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Care is ‘hampered’ by drop in numbers of district nurses

The QNI has reported a drop in those qualifying as District Nurse Specialist Practitioners (SPQ), with 6% fewer than last year

Experts at the QNI warn that that the direction of travel towards better care is ‘hampered’ by these falling numbers.
The review on District Nurse Education collected responses from 33 universities and found that 668 district nurses qualified with a SPQ in the 2021/22 academic year, a 6% drop on the previous year. This is despite a government push for primary and community care, through both the NHS Longterm Plan 2019 and the recent Workforce Plan.

Dr Crystal Oldman, QNI chief executive said: ‘The National Health Service is now three years into its Long Term Plan, published in January 2019 and now supported by the NHS Long Term Workforce Plan. Longer term visions for the growth of the workforce are to be encouraged and the number of qualified district nurses is a key component of the workforce.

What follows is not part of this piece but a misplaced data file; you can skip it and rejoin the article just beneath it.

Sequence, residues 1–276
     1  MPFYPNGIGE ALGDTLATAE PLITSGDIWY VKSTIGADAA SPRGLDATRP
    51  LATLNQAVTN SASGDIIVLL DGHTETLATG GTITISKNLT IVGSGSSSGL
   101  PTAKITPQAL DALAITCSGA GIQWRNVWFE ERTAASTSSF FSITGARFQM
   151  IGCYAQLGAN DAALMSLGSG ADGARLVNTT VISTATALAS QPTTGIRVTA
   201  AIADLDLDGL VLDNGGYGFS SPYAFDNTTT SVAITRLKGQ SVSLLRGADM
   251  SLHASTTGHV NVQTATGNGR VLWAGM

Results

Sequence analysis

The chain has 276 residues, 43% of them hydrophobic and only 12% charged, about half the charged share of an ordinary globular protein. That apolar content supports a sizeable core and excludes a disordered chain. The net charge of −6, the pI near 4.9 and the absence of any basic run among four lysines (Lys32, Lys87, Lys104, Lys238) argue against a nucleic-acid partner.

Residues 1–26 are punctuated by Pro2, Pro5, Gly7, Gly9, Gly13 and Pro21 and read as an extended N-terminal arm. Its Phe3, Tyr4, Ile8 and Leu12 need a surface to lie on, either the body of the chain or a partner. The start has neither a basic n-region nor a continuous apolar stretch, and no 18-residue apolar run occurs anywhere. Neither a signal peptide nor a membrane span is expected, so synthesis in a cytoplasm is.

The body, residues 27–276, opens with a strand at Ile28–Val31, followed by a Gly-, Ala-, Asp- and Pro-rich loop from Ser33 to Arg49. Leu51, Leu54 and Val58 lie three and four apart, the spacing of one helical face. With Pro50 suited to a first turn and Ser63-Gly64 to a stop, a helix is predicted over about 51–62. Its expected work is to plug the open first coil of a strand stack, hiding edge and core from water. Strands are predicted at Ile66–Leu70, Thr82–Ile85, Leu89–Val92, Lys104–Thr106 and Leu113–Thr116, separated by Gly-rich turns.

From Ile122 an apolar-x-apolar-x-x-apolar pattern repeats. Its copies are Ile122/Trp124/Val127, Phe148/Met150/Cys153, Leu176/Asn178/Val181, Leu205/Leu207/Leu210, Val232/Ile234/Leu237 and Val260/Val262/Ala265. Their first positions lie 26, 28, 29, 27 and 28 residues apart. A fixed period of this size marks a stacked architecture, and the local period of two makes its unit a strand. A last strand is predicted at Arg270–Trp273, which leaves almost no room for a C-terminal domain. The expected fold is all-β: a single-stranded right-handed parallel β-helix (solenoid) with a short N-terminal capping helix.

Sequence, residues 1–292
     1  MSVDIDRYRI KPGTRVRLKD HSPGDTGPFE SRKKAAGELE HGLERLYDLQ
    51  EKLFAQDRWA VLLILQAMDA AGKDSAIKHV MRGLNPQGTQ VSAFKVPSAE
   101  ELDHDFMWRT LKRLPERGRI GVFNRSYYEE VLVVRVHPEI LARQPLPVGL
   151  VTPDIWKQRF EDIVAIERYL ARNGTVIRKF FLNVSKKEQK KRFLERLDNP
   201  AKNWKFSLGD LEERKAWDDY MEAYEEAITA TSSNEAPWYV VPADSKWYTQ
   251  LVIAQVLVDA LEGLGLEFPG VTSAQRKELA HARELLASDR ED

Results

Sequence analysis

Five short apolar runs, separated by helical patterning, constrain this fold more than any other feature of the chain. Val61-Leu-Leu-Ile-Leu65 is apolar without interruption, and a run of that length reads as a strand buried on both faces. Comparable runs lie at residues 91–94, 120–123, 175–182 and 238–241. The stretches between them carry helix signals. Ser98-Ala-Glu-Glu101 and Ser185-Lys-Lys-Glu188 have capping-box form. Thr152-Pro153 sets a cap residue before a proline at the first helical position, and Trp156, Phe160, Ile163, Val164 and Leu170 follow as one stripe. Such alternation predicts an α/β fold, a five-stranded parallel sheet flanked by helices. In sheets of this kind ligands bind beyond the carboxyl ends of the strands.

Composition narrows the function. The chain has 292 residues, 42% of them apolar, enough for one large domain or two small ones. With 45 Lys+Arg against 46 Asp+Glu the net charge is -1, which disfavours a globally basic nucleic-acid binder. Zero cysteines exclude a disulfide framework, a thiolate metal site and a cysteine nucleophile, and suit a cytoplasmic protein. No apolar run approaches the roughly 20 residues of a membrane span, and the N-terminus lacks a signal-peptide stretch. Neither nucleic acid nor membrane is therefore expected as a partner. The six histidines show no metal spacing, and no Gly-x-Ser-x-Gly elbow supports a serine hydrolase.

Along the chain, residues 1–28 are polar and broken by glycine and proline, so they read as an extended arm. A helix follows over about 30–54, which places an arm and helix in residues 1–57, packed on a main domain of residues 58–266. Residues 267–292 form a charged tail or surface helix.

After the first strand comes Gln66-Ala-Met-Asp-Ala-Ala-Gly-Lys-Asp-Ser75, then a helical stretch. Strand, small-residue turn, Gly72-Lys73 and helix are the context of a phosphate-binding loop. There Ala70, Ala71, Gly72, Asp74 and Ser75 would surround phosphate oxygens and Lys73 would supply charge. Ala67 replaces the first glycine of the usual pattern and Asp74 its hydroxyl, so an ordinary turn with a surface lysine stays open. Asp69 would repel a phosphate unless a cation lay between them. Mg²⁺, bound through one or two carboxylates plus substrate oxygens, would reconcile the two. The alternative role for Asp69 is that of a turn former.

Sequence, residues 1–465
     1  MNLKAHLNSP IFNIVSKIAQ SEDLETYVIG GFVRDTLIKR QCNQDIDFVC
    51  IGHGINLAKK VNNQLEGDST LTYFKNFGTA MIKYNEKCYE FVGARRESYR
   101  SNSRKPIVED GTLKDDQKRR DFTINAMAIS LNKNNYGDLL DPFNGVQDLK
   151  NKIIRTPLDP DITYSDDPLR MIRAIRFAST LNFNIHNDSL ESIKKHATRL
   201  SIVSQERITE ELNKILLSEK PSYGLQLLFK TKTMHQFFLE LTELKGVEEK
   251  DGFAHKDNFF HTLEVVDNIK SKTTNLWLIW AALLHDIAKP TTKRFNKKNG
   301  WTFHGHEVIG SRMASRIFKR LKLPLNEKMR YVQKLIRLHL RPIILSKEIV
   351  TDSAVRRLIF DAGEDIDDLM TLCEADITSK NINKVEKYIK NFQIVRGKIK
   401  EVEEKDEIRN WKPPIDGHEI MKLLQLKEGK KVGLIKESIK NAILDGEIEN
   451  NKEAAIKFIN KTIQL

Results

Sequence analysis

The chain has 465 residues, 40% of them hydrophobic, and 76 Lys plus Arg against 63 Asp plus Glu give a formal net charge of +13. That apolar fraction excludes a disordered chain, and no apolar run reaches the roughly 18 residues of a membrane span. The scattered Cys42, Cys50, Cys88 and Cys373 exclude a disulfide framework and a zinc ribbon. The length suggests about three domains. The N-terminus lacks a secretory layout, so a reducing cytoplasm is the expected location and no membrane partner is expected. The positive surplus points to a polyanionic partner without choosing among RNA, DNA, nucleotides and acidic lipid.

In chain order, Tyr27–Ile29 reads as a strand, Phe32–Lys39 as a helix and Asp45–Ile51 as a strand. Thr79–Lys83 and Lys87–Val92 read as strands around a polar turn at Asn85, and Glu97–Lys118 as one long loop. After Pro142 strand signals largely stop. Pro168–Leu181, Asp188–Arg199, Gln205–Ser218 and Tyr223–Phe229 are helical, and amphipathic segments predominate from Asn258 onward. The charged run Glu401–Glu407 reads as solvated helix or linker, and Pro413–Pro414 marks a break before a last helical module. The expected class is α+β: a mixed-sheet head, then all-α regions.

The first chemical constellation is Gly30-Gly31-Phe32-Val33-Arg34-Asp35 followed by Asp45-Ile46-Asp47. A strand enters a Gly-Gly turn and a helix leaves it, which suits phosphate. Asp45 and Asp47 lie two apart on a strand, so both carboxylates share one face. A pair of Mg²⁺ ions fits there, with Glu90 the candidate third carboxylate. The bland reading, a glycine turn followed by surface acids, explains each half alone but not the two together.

‘The QNI is concerned that the salary Agenda for Change banding of many qualified district nurses does not reflect the complexity of care they deliver, which is at an advanced level of practice. The DNSPQ is an educational programme designed for the community setting and it should be integral to the Government’s plans to increase the number of skilled, registered practitioners in the community.’

The NHS Long Term Workforce Plan aims to double the number of district nurses by 2028 which will mean a significant increase in university placements. To achieve this, the QNI is pushing for more secure central funding to give employers sufficient time to plan the release of nurses to undertake the DNSPQ programme as well as a focus on the retention.

The QNI warn that without taking these steps, the forecasted shortfall in district nurses will have detrimental impacts on healthcare.